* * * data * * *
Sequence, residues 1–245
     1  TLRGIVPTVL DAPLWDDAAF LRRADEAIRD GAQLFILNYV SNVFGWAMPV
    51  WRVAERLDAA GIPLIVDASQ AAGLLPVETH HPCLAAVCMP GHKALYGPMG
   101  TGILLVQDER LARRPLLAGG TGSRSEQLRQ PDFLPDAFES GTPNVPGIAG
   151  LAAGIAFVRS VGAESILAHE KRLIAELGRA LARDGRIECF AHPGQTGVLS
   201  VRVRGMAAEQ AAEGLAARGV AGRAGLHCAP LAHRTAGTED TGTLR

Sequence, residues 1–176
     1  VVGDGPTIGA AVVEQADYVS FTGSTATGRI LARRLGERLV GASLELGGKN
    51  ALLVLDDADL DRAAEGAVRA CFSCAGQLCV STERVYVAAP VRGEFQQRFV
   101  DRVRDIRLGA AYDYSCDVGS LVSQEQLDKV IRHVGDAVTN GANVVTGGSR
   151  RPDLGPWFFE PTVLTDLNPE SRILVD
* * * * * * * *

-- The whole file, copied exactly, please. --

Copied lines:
Sequence, residues 1–245
     1  TLRGIVPTVL DAPLWDDAAF LRRADEAIRD GAQLFILNYV SNVFGWAMPV
    51  WRVAERLDAA GIPLIVDASQ AAGLLPVETH HPCLAAVCMP GHKALYGPMG
   101  TGILLVQDER LARRPLLAGG TGSRSEQLRQ PDFLPDAFES GTPNVPGIAG
   151  LAAGIAFVRS VGAESILAHE KRLIAELGRA LARDGRIECF AHPGQTGVLS
   201  VRVRGMAAEQ AAEGLAARGV AGRAGLHCAP LAHRTAGTED TGTLR

Sequence, residues 1–176
     1  VVGDGPTIGA AVVEQADYVS FTGSTATGRI LARRLGERLV GASLELGGKN
    51  ALLVLDDADL DRAAEGAVRA CFSCAGQLCV STERVYVAAP VRGEFQQRFV
   101  DRVRDIRLGA AYDYSCDVGS LVSQEQLDKV IRHVGDAVTN GANVVTGGSR
   151  RPDLGPWFFE PTVLTDLNPE SRILVD